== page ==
EGU21-2388, updated on 03 Mar 2021
EGU General Assembly 2021
© Author(s) 2021. This work is distributed under
the Creative Commons Attribution 4.0 License.

Reducing the risk for contamination of river bank filtration systems using inverse modelling and anthopogenic traces

Miguel Angel Marazuela1, Paulo Herrera1, Klaus Erlmeier1, Robert Brünjes1, Philip Brunner2, and Thilo Hofmann1
Miguel Angel Marazuela et al.
  • 1University of Vienna, Centre for Microbiology and Environmental Systems Science, Environmental Geosciences, Vienna, Austria (
  • 2Centre for Hydrogeology and Geothermics (CHYN), University of Neuchâtel, Switzerland

Many drinking water systems worldwide are based on river bank filtration. From a quantitative point of view river bank filtration systems are highly reliable because of the high permeability of alluvial aquifers linked to high production rates. However, there might be an increased risk of contamination because of the short residence time between the river and the production well, especially during flood events.

Flood events change the river-aquifer hydraulic interactions and may increase infiltration rates (e.g., due to an increased hydraulic head, larger river infiltration widths, or erosion of a siltation layer). This leads to changes in groundwater flow paths and production wells might abstract water with a shorter residence time and lower quality. Groundwater quality may degrade during flood events due to the presence of undesirable chemicals (e.g., wastes water treatment plant overflow) and the occurrence of faecal indicator bacteria such as E.Coli.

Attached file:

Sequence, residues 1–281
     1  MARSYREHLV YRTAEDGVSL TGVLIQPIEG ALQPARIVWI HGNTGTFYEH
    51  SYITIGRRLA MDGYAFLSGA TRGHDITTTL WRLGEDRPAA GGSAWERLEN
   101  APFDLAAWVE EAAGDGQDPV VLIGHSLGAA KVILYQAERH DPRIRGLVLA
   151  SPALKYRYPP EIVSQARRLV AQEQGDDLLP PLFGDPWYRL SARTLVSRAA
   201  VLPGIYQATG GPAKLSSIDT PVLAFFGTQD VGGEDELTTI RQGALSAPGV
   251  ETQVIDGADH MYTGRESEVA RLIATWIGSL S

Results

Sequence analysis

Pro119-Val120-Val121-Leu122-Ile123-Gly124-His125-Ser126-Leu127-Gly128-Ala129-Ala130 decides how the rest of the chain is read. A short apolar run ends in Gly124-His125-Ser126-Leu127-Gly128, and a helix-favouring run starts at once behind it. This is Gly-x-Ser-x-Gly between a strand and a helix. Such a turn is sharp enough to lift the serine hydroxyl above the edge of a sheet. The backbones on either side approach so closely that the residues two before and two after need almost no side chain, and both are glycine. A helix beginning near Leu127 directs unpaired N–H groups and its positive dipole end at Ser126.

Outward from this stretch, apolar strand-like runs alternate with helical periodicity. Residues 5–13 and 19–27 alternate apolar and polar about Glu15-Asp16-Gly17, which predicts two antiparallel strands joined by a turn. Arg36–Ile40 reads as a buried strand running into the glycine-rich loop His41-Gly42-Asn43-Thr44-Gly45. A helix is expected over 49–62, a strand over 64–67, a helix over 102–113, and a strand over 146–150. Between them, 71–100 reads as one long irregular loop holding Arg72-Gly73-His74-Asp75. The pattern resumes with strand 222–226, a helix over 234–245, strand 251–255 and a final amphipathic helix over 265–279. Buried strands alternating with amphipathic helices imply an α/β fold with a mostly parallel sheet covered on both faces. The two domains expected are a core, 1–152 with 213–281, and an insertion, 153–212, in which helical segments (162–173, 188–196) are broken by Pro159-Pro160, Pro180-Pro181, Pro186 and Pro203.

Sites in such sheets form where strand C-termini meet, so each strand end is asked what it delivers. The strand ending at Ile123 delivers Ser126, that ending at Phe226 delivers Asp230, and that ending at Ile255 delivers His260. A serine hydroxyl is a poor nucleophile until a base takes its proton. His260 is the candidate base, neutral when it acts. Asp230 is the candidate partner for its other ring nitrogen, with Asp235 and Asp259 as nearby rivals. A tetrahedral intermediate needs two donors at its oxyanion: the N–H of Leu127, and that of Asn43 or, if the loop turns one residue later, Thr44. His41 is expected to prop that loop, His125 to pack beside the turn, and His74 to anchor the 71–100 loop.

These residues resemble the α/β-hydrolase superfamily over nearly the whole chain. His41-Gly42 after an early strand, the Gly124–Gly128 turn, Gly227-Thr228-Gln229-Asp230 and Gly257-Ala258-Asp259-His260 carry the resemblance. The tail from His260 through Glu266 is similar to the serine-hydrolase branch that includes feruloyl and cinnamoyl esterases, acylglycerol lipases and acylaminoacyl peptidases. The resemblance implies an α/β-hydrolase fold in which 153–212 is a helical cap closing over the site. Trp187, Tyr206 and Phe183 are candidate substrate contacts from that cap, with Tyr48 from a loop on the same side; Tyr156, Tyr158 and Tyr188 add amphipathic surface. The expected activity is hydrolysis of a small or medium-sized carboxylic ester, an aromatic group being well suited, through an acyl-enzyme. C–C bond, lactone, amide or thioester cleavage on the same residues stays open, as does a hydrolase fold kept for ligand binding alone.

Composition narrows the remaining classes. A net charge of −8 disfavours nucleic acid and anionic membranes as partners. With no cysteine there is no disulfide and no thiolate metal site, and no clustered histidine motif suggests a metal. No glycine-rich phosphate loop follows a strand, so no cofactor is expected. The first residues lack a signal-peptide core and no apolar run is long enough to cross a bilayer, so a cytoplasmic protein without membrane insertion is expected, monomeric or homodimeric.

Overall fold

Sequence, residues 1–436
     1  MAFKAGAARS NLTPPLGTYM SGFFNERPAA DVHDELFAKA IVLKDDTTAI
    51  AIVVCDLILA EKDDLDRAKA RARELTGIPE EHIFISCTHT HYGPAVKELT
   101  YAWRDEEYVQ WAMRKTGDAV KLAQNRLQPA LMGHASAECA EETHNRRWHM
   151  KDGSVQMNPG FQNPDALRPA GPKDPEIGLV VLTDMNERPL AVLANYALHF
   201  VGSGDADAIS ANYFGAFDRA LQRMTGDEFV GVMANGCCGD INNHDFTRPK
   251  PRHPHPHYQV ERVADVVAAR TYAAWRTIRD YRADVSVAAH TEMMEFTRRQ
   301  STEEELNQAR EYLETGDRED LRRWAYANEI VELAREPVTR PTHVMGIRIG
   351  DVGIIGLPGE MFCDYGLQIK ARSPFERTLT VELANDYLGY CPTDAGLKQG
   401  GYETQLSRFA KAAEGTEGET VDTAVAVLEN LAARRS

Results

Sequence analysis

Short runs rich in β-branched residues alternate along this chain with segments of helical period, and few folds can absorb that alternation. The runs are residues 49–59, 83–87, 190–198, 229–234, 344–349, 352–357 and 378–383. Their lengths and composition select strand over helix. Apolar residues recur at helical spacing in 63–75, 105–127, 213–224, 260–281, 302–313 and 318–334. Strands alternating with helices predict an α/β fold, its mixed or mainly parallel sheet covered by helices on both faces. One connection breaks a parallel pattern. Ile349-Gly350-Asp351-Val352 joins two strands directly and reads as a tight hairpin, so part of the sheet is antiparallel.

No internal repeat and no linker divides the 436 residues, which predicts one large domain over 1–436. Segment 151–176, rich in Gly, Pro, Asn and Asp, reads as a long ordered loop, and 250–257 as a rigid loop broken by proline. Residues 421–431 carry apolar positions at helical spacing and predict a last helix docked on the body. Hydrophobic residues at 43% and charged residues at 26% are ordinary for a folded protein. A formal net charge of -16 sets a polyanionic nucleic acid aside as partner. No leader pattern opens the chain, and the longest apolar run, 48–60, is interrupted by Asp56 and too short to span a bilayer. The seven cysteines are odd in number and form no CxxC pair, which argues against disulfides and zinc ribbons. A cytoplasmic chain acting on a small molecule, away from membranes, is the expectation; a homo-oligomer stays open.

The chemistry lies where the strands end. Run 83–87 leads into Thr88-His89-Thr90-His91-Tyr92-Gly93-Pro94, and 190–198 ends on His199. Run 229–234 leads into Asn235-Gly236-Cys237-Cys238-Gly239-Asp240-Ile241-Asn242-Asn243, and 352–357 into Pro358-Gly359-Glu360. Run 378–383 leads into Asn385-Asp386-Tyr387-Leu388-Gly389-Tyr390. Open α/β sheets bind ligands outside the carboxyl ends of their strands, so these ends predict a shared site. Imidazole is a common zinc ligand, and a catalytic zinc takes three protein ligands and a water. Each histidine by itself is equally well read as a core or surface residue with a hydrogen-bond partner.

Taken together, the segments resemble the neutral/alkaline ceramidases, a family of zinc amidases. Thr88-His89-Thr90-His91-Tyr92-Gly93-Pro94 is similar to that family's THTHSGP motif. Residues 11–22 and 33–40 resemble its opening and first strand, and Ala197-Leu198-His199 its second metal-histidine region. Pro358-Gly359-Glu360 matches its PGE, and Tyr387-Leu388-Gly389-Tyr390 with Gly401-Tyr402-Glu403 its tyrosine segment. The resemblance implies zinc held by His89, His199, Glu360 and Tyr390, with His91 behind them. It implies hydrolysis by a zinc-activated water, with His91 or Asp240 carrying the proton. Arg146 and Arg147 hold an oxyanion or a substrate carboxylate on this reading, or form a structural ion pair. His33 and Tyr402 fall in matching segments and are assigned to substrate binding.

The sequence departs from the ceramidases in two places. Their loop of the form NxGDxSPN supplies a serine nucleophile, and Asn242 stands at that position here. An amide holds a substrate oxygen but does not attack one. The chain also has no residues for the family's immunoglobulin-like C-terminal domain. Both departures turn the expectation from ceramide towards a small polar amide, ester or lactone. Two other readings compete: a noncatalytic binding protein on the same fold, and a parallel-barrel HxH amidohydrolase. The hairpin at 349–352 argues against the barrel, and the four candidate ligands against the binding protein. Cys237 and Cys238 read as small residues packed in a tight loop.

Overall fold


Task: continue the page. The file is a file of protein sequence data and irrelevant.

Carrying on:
Groundwater modelling can assist in developing strategies to protect river bank filtration from such undesired contamination by predicting optimal operation conditions. The key impediment of this approach is significant uncertainties in subsurface properties and the associated uncertainties of the groundwater flow paths. To reduce uncertainties in model predictions, anthropogenic tracers including the MRI contrast agent gadolinium and artificial sweeteners were used in this study. They revealed sources and flow patterns, and have been used to derive mixing ratios representing different temporal and spatial scales. Including anthropogenic tracers into the objective function of the calibration process also lead to more accurate estimation of groundwater flow paths. This was critical to predict the best water works operation strategy during flood events.

How to cite: Marazuela, M. A., Herrera, P., Erlmeier, K., Brünjes, R., Brunner, P., and Hofmann, T.: Reducing the risk for contamination of river bank filtration systems using inverse modelling and anthopogenic traces, EGU General Assembly 2021, online, 19–30 Apr 2021, EGU21-2388,, 2021.